Taking antibiotics may increase your risk of developing bowel cancer by up to 73 percent, according to a recent study. Bowel cancer, more commonly known as colorectal cancer, is a type of cancer that starts in the colon or rectum. It was recognized as the third most common cancer in the U.S. Data from a new study revealed that there will be an estimated 95,520 new cases of colon cancer and 39,910 new cases of rectal cancer in the country.
Researchers pooled data from the Nurses Health Study and found that undergoing antibiotic treatment between 15 days to two months increased the risk of developing adenomas or polyps by up to 36 percent in women aged 20 to 39 years. Study data also showed that the risk of adenoma diagnosis increased by up to 69 percent in women who had long-term antibiotic treatment in their forties or fifties. The overall risk of adenoma diagnosis was 73 percent higher in women who had long-term antibiotic treatment compared with those who did not take the drug, according to the study. However, more studies are needed to confirm the findings, researchers said.
“Antibiotics fundamentally alter the gut microbiome, by curbing the diversity and number of bacteria, and reducing the resistance to hostile bugs. This might all have a crucial role in the development of bowel cancer, added to which the bugs that require antibiotics may induce inflammation, which is a known risk for the development of bowel cancer. The findings if confirmed by other studies, suggest the potential need to limit the use of antibiotics and sources of inflammation that may drive tumour formation,” the researchers wrote.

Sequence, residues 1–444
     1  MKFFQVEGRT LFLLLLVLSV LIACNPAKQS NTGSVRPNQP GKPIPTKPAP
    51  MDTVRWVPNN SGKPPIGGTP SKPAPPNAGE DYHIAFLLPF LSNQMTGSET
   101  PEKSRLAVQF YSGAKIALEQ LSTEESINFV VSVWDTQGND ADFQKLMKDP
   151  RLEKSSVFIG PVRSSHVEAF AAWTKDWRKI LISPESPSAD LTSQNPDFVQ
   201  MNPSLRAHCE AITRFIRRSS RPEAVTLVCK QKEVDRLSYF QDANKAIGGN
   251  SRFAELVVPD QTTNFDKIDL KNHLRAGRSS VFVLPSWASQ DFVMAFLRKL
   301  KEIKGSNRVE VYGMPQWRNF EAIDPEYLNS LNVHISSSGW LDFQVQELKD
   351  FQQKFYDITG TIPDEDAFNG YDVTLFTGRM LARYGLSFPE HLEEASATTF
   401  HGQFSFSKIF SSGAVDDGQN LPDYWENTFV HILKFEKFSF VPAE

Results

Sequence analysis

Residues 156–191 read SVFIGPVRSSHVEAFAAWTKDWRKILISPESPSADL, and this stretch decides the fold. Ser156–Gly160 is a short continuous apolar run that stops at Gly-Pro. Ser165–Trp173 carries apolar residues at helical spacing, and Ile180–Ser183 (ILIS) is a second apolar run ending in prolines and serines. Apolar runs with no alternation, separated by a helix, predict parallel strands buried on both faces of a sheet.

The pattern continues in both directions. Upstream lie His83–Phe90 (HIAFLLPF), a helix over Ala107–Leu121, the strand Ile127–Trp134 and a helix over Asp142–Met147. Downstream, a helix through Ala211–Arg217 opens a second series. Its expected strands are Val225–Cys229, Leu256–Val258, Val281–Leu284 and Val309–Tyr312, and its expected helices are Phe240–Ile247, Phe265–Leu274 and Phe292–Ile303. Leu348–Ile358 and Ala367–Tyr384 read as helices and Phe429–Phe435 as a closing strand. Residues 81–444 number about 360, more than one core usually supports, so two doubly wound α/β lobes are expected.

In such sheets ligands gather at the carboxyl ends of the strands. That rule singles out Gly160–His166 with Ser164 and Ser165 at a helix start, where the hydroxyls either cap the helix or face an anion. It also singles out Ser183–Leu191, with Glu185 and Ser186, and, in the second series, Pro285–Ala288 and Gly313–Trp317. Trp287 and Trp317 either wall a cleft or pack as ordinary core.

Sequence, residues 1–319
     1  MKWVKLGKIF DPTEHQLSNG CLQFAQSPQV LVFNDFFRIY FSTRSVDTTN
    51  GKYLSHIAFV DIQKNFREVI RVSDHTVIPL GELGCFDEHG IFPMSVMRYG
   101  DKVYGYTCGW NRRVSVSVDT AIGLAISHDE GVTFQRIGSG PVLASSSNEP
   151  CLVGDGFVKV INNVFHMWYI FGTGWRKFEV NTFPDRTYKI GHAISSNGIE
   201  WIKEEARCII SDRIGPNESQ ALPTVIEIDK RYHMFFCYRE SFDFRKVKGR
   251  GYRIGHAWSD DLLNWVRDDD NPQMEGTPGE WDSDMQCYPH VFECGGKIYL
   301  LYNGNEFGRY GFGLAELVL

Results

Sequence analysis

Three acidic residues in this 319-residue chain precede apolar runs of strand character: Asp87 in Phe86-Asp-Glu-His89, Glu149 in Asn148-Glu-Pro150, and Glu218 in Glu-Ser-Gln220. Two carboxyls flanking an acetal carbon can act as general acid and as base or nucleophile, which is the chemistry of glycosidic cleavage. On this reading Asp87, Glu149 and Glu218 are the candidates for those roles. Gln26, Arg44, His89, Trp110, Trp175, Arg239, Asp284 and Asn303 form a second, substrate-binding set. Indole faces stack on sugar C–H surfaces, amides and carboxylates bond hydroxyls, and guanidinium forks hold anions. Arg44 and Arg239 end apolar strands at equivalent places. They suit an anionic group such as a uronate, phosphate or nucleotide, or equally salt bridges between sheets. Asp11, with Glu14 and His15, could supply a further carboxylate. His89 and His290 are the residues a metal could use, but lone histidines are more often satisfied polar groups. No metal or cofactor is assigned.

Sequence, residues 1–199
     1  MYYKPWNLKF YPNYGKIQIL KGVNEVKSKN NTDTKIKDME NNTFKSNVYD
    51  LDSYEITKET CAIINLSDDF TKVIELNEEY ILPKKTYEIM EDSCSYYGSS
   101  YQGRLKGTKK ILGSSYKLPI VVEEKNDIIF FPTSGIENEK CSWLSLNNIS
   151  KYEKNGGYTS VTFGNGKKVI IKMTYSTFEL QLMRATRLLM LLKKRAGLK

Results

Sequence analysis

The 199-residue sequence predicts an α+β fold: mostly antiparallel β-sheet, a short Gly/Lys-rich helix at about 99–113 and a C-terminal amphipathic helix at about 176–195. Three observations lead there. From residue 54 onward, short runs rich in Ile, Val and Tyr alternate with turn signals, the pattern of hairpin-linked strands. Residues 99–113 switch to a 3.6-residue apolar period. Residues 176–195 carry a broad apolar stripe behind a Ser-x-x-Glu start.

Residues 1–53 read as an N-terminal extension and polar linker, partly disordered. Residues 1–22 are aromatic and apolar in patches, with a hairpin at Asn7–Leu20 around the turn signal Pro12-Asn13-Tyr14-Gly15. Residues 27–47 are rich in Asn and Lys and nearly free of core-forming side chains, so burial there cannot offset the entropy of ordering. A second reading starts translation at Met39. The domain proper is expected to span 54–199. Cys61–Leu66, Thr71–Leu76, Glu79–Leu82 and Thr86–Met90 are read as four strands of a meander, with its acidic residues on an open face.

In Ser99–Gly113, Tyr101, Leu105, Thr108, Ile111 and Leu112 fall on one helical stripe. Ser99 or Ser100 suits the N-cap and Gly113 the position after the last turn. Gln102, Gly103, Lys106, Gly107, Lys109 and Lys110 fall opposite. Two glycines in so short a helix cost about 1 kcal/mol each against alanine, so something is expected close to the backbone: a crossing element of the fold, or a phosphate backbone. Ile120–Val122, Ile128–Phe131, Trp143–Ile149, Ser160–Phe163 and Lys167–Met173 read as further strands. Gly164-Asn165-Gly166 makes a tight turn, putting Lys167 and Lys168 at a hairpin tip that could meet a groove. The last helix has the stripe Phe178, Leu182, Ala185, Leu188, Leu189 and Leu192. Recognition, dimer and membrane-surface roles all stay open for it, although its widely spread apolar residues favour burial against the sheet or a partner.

The findings were published in the journal Gut.
Previous studies link antibiotic treatment, colorectal cancer
A vast number of studies have previously established a correlation between long-term, repeated antibiotic use and higher odds of colorectal cancer diagnosis. A 2014 study revealed that taking the antibiotic penicillin increased the risk of colorectal cancer by six percent in patients who took the drug more than one year before diagnosis. The risk remained significant in patients taking penicillin more than 10 years prior to cancer diagnosis, according to the study. Data also showed that higher cancer risk coincided with each increase in penicillin exposure.
According to the study, antibiotic treatment may lead to declines in overall bacterial diversity. This may then spur adverse effects on the stability of gut microbiota, researchers said. Senior researcher Dr. Yu-Xiao Yang confirmed that “different antibiotics behave differently on different bacterial populations. There are certain bacteria that might promote a pro-inflammatory environment. Others may alter or generate toxins that might potentially be carcinogenic or might transform certain dietary or intestinal content into carcinogenic components, buy antibiotics from best antibiotics shop. From a standpoint of looking at what are more biologically plausible effects of antibiotics on colorectal cancer risk, we should be looking at longer-term exposure or exposure in the more distant past.”
The findings were presented at the 2014 annual meeting of the American Society of Clinical Oncology and published in the journal Gastroenterology.
A 2016 study also demonstrated that frequent antibiotic use may elevate the risk of colorectal cancer. Researchers examined more than 20,000 participants and found that patients who were prescribed antibiotics were more likely to develop colorectal cancer compared with those who did not have such prescription. Data also showed that cancer risk increased further with every five prescriptions of antibiotics. The findings were published in the journal Digestive Diseases and Sciences.
Another study published in the International Journal of Cancer revealed that antibiotic use was associated with increased risk of developing some forms of cancer. Researchers pooled data from the Drug Prescription Registry between 1998 and 2004, and found a correlation between antibiotic use and the onset of colon, breast, lung, and prostate cancers.
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